And beneath the platitudes, the world of the deal junkie remains a boys’ club. Several male City partners were outright dismissive of this article – often in colourful language. Reasons given were sometimes faith in the profession’s meritocracy, sometimes doubts there was enough female talent to support a piece. One Magic Circle veteran now at a top New York firm, felt the idea was ‘bollocks’, others derided female partners with seemingly unquestionable records as ‘useless’.
‘I’ve had men screaming at me telling me I’m stupid,’ recalls Croke. ‘Would they have reacted so badly to a man?’
Women who brave such enduring attitudes have to wrestle with the challenges of projecting themselves in a world where success is defined by men. Says Tamara Box, Europe and Middle East managing partner at Reed Smith: ‘For women it’s much less obvious that the most talented will always succeed. We promote men on potential, women on performance.’
One female partner says: ‘The crux of the problem is you’re considered a woman, not a deal lawyer. I’ve read the room and left closing dinners because I knew the men didn’t want me to come along to whatever club they were going to next.’
But women have to take some responsibility. Female lawyers often adopt an understated approach in comparison to male colleagues despite a role with a heavy business-development aspect. ‘Men are not burdened by self-doubt as much as women – it’s the perennial issue,’ says Slaughters’ von Bismarck.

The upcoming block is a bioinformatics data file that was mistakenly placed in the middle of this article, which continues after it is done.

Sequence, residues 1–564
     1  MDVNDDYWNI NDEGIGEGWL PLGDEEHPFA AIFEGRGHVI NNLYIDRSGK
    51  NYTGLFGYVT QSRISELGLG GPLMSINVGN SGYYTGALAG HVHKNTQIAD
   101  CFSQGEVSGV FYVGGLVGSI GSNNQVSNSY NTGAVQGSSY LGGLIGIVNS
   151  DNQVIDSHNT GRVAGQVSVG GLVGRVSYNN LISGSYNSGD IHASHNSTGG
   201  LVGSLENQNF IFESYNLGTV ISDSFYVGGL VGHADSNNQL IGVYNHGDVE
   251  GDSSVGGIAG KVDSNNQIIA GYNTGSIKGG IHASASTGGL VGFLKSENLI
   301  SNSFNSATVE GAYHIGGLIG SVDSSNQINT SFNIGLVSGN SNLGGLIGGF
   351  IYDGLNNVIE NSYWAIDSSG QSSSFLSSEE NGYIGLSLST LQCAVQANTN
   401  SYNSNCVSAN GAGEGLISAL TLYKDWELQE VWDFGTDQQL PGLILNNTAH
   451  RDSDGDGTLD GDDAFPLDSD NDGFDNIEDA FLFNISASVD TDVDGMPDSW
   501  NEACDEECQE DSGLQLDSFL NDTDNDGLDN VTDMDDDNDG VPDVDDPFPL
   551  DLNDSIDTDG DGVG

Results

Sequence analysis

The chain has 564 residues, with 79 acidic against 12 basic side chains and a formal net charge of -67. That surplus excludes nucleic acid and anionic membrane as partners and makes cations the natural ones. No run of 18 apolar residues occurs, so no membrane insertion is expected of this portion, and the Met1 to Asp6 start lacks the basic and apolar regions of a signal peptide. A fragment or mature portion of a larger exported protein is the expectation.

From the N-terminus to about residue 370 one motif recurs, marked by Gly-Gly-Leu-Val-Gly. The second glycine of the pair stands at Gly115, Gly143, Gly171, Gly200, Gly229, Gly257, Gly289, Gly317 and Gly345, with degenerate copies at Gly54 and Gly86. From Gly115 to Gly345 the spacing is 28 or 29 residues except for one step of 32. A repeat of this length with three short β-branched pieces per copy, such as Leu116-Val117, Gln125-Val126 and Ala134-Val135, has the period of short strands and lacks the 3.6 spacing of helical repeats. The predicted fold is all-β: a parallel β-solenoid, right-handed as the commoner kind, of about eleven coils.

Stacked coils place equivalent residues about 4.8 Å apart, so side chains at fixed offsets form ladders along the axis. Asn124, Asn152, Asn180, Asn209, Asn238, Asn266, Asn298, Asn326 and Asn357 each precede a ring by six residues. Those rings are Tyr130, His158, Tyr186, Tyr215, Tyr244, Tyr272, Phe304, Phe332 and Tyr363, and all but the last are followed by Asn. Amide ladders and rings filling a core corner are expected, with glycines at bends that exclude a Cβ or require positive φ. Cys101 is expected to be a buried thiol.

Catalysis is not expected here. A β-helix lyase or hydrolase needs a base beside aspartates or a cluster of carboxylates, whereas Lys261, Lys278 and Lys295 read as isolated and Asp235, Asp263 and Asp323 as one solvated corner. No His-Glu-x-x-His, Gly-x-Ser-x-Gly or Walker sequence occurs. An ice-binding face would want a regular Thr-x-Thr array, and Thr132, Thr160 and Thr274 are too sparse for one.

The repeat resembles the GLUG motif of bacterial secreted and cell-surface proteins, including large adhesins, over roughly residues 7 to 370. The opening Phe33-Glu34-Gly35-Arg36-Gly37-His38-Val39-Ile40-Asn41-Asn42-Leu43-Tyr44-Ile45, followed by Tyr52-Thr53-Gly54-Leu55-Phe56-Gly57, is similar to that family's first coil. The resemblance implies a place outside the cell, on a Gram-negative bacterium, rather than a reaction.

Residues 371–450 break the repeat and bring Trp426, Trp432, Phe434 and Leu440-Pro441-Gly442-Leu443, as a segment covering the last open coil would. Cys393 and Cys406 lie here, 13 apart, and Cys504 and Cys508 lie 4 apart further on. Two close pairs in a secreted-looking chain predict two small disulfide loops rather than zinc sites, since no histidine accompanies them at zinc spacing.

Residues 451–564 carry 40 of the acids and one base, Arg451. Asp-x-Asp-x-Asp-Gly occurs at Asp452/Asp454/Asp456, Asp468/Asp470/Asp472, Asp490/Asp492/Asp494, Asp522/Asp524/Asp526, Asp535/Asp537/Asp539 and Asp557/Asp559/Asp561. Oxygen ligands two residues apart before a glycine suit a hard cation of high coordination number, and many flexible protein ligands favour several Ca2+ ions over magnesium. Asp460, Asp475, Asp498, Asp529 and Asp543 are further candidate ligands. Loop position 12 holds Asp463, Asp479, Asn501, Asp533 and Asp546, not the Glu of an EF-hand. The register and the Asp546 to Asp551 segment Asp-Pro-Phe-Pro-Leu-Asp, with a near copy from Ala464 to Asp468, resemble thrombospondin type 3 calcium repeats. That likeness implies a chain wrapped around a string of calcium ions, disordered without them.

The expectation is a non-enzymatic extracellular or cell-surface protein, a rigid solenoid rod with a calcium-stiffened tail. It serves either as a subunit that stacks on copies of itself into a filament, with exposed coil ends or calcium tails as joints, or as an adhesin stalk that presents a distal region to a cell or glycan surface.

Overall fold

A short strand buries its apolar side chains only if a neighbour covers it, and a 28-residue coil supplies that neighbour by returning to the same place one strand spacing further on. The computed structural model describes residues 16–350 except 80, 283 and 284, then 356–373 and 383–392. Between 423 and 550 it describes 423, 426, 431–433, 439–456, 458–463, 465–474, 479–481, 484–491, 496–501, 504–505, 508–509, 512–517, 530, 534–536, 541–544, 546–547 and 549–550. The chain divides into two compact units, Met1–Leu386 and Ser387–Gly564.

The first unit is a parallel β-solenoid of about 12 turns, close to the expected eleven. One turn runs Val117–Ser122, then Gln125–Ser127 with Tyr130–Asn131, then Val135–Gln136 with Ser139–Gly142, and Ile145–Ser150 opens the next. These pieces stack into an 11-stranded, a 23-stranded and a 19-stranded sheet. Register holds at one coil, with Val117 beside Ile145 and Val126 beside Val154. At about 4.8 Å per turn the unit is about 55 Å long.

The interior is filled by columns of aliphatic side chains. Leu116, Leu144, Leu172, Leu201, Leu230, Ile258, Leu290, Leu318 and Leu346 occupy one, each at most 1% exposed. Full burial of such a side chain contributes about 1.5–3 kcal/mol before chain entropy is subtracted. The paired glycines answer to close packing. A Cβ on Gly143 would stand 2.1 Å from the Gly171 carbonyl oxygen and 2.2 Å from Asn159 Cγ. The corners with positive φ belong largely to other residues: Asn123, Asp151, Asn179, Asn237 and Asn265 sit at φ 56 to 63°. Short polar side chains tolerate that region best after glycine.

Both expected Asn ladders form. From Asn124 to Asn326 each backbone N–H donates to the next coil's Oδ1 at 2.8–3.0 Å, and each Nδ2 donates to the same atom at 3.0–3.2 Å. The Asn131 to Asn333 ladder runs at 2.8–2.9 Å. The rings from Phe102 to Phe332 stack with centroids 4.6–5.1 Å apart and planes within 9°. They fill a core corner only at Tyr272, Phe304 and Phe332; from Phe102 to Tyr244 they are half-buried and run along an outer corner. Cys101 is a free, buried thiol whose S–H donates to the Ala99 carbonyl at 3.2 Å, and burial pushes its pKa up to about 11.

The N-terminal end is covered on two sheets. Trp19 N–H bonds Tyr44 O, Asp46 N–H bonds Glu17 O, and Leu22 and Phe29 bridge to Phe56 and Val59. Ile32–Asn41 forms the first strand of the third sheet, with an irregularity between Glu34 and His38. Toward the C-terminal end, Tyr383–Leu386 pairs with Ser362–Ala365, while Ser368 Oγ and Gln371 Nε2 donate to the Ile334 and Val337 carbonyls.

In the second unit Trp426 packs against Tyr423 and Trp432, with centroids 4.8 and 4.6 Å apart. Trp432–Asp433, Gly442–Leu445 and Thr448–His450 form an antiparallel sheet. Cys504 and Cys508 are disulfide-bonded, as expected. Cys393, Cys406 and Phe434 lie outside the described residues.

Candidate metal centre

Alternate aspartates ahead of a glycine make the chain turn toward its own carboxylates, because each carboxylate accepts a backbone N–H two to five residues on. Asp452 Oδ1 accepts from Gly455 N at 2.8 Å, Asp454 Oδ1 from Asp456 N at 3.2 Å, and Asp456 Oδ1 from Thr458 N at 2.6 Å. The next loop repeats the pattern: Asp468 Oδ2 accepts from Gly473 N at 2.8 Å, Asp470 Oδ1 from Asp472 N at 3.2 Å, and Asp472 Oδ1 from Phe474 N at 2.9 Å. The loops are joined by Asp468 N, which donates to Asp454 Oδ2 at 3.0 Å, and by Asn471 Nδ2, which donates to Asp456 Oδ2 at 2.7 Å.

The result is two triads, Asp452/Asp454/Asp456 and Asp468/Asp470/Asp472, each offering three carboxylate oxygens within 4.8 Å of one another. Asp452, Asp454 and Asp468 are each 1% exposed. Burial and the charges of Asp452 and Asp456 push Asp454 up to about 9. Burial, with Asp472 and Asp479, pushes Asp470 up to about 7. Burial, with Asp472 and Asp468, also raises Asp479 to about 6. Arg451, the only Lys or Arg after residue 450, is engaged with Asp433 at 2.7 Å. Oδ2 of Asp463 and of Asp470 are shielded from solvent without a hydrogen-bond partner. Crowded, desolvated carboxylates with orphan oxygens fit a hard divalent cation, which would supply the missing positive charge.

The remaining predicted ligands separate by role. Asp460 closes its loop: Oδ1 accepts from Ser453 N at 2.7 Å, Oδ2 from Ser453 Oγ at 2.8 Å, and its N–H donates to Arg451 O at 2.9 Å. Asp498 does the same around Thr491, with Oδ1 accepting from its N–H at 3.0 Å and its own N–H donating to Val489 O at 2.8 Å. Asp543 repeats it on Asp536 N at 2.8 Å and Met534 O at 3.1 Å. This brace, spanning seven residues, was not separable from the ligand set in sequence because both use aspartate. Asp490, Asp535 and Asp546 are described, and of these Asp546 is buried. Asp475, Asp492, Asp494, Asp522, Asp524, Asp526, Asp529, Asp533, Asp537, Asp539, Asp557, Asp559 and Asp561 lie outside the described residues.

An interesting phenomenon noted in this research is the number of high-performing female lawyers with US or Australian backgrounds – perhaps the overly deferential female lawyer is an English disease. Many commented on the inroads being made in the US, where even Cravath, Swaine & Moore is now led by a female rainmaker, Faiza Saeed.
Allen & Overy (A&O) finance partner Denise Gibson says a spell working in a commercial role – as she did at Goldman Sachs – helps build confidence. ‘Goldman was a fantastic experience. Investment banking has a strong culture of self-promotion. You have to make people aware of what you are doing. Lawyers struggle with that but it is important to find a way to self-promote that doesn’t make you feel uncomfortable and that feels authentic.’
While few dispute that transactional work remains harder on women, nuances emerge within the practice lines. Despite a deserved reputation as one of the most laddish practice areas, private equity is also a young lawyers’ game, which shortens the cycle of partners emerging. More than a dozen female private equity specialists were cited in our research out of a total pool of 50 highlighted women.
The equation is different in public M&A. The institutionalisation of plc clients favours the collaborative long-term relationship-building that is arguably more common among female partners. Likewise, bluechip clients are the most likely to press for diversity in pitch teams and themselves have female GCs. But change happens slowly in a field still defined by big beasts in their 50s.
Ironically, acting for male-dominated sponsor clients may be one of the breakthrough areas for female lawyers, particularly if young female partners move to fill the space as male colleagues are poached by predatory US rivals. It is, after all, widely accepted that female partners are more loyal and generally short-changed in a partnership recruitment process that favours ego-driven men who make big promises. Notes Edwards Gibson founder Scott Gibson: ‘Women nearly always underplay their billings – always downplay how much they’ll be able to bring in when men tend to exaggerate the figures.’
‘I’ve been lucky’